business and to emigrate, but there is an absence of clearly stated
intellectual property rights. In order to implement technological
ideas, their authors still prefer to go to the West and use the
services of Western innovation firms. Furthermore, the government
does not protect small businesses against extortion, protection
rackets or corrupt officials.

The emerging
middle class is still relatively small, yet its influence and role
will grow. Yet the question is how this growth will affect the
socio-political processes in the country and how soon the influence
of the middle class will become comparable with the “weight” of
bureaucracy and big business. Most of the Russian middle class
still has limited assets and limited financial stability; therefore
there is not much hope for its political activity. In addition,
there is a distribution conflict between groups within the middle
class: businessmen must pay taxes, while scientists and the
bureaucracy have quite different views on how these tax revenues
should be spent.

The weakness of
civil society in Russia is acknowledged not only by its active
members, but also by representatives of the authorities and
business. On the face of it, businesses and the authorities find
life easier when civil society and its organizations cannot exert
strong pressure: the weaker public control is, the less
accountability there is on the part of businesses and the
authorities. In a situation like this it is easier for corporations
to evade responsibility for violations of labor or environmental
legislation. The local authorities find it is easier to ignore
public complaints about corruption and other violations of public
interests. Unpopular ministers find it is easier to “survive” in
their posts. However, this “easiness” results in losses for the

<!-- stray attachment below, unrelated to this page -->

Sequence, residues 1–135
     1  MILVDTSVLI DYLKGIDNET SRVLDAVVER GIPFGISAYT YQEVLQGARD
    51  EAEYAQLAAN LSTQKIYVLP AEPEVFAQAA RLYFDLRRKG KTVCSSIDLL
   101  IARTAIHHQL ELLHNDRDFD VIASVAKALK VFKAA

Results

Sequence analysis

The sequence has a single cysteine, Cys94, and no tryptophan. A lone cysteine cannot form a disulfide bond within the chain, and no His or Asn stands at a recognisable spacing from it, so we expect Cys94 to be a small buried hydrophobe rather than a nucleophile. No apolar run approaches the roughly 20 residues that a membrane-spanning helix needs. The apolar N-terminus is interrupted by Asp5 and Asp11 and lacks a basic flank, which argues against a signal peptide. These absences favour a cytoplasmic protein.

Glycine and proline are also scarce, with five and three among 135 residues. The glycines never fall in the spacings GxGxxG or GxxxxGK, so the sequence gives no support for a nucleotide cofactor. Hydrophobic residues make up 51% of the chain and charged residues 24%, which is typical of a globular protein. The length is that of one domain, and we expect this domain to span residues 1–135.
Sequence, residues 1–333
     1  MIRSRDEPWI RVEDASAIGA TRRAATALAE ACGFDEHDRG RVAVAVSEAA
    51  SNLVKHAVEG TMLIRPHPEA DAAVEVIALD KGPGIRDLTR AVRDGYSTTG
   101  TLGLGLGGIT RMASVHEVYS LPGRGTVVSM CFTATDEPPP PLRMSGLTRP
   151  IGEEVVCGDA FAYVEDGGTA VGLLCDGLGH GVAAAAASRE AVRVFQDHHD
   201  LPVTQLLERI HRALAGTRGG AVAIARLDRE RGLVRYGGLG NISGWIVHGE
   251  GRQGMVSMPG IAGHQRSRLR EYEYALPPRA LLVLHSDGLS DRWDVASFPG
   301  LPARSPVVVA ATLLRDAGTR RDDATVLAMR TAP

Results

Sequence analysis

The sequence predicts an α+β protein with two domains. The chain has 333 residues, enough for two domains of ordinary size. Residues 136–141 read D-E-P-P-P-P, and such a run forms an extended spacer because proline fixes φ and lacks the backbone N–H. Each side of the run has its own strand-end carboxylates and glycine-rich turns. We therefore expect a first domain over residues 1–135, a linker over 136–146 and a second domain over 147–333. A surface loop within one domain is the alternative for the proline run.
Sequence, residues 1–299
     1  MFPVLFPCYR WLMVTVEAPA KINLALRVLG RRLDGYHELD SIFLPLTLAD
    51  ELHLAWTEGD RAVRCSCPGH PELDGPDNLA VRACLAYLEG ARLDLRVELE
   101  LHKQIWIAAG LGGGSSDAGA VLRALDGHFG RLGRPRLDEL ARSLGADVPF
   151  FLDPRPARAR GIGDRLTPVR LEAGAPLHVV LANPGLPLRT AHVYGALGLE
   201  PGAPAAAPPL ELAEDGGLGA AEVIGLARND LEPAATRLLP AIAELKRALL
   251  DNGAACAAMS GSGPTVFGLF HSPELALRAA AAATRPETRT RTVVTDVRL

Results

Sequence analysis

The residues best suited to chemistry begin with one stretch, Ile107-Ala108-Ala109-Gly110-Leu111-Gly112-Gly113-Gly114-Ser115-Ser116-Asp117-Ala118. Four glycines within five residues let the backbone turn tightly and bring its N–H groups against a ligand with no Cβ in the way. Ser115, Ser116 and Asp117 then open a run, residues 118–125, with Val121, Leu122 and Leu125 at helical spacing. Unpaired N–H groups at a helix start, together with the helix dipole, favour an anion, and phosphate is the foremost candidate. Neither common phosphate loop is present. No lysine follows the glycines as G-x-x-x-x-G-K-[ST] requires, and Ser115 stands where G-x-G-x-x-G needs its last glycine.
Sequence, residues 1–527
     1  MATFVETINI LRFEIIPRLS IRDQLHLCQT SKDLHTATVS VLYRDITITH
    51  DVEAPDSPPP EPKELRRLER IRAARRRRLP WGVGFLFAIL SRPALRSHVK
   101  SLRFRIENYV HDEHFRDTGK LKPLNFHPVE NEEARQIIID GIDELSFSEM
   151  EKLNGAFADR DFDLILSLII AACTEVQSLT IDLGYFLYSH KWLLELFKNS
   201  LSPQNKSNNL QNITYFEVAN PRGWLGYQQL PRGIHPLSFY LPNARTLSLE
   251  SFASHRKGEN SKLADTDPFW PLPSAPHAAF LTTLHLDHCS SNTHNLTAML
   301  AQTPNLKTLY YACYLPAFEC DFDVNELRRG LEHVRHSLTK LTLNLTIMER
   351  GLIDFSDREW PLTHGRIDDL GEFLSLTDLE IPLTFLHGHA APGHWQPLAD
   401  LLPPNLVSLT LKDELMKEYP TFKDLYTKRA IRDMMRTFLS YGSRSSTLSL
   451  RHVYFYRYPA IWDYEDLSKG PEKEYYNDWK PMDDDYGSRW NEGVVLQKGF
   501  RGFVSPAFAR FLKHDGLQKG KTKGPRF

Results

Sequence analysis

country in global competition and affects how state and businesses
can withstand external challenges. The weakness of civil society
and the limited possibilities for political competition or for
influencing the decision-making process only create an illusion of
peace and bring about mistrust, disappointment and cynicism among
the country’s citizens. Given a favorable economic situation and a
growing resource rent, Russia can continue living in this way for
another five to ten years, but it cannot be modernized under
conditions of mistrust and social apathy (especially among
businesses and the intelligentsia). A civil society is one of the
foundations of a government and a partner for business. The
consolidation of civil society and the improvement of citizens’
well-being would mean the success of the country’s transformation.
Currently, however, the weakness of civil society is slowing down
Russia’s modernization, while inequality is a potential threat to
it.

CENTER VS
REGIONS

The
redistribution of budget revenue from exporters of natural
resources in favor of agricultural regions has a very limited
impact on regional development. Some studies have revealed that
such a policy has a disincentive effect on both recipients (an
addiction to dependency) and donors (“the government will take
away  revenues all the same”). Adjusting the budget does not
help to even out regional development – despite economic growth,